Q&As

Can mobile phone recordings constitute admissible evidence in legal proceedings and what issues should be considered?

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Published on LexisPSL on 06/07/2017

The following Dispute Resolution Q&A provides comprehensive and up to date legal information covering:

  • Can mobile phone recordings constitute admissible evidence in legal proceedings and what issues should be considered?
  • Civil proceedings
  • Recordings obtained without consent
  • Criminal proceedings
  • General considerations
  • Data Protection Act 1998
  • Regulation of Investigatory Powers Act 2000

For the purposes of this Q&A we have not considered marketing and employment issues.

Civil proceedings

The question of admissibility of evidence in civil proceedings is whether the evidence is relevant to a fact in issue in the case. Admissibility is always decided by the judge and all relevant evidence is potentially admissible, subject to common law and statutory rules on exclusion. What is relevant (namely what goes to prove or disprove a matter in issue) will be decided by logic and human experience, and facts may be proved directly or circumstantially.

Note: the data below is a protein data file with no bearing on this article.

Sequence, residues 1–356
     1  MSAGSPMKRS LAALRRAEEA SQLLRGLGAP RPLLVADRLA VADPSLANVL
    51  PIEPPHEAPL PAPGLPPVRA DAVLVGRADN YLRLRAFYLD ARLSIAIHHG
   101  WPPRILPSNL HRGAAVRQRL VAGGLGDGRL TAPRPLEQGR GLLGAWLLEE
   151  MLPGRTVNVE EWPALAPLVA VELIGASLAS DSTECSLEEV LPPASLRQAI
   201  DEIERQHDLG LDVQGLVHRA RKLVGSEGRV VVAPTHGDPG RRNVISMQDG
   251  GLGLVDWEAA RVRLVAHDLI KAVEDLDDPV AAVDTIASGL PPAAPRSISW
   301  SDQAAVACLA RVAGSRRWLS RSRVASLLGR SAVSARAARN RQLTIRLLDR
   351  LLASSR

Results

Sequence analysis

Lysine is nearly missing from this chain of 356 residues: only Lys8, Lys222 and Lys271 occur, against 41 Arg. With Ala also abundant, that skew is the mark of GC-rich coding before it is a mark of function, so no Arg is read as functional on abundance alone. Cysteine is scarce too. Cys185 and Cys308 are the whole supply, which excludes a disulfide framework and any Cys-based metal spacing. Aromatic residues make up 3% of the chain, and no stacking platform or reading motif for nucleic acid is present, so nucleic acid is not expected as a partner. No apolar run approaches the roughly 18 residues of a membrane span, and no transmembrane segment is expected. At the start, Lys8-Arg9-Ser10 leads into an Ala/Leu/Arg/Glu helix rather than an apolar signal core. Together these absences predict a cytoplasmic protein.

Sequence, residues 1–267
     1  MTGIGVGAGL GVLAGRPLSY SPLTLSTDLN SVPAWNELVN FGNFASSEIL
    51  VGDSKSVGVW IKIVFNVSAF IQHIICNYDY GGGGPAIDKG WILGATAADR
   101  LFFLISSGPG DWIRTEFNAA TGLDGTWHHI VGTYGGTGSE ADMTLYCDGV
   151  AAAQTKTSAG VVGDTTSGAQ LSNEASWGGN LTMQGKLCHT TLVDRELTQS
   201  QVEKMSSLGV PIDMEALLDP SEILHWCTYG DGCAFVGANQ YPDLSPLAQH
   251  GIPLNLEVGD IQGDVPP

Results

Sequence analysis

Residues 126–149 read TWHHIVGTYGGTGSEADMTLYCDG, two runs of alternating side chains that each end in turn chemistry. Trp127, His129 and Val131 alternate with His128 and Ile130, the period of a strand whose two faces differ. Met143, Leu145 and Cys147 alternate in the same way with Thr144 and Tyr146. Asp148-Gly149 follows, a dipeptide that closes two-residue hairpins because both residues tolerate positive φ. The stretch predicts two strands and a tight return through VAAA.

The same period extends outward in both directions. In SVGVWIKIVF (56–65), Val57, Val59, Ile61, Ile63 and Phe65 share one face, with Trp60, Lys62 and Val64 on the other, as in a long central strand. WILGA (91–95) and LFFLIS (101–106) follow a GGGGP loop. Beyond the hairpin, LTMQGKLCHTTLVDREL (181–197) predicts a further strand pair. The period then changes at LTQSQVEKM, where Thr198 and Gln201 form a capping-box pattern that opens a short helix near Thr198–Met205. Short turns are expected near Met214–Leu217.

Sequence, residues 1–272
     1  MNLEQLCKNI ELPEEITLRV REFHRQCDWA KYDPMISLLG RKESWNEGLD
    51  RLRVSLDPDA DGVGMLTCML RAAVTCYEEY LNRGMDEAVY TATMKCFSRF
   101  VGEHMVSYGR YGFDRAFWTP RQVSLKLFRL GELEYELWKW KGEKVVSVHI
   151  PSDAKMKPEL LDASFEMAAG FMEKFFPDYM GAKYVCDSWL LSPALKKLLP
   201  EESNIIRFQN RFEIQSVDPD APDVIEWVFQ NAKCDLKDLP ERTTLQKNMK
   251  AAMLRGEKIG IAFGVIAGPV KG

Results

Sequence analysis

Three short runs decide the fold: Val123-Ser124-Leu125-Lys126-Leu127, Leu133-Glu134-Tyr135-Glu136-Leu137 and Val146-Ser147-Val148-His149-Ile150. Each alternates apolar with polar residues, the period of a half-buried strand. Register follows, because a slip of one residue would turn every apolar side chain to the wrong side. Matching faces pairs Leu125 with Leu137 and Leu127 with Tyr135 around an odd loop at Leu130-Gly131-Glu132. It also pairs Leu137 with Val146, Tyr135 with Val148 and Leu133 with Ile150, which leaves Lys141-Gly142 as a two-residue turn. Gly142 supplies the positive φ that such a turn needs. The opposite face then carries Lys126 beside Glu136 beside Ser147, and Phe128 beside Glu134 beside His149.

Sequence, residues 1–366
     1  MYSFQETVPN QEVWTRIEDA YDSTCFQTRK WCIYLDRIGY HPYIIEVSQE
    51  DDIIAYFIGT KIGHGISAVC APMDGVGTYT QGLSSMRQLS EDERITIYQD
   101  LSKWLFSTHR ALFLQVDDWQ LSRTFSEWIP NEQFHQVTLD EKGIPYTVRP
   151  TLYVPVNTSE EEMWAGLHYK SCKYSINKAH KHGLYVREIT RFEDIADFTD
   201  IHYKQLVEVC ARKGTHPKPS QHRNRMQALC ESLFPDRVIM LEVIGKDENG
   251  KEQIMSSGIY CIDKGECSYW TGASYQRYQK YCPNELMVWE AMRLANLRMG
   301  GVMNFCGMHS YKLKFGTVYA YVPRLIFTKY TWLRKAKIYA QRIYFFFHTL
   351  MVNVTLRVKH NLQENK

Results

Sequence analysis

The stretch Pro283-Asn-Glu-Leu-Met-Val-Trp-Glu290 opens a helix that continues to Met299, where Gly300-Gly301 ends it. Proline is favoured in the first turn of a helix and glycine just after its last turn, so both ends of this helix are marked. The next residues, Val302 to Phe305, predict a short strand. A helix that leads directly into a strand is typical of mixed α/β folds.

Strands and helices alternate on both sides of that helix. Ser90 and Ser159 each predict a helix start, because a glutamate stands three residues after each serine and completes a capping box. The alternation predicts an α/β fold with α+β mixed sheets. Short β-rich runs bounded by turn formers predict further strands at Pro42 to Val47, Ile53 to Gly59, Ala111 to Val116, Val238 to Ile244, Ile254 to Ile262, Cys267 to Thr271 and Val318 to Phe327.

In civil proceedings, evidence must not be excluded on the ground that it is hearsay. For these purposes, 'hearsay' means a statement made otherwise than by a person while giving oral evidence in the proceedings which is tendered as evidence of the matters stated and references to hearsay include hearsay of whatever degree (CPR 33.1).

The admissibility of a recorded call is subject to the normal laws of evidence. However, in civil proceedings, the court has a general discretionary power to exclude evidence under CPR 32.1(2). This power must be exercised with reference to the overriding objective. The court will perform a balancing exercise between the conflicting interests of admitting illicit evidence to ensure the administration of justice as opposed to refusing it, so as not to encourage litigants to adopt underhand tactics.

Recordings obtained without consent

We

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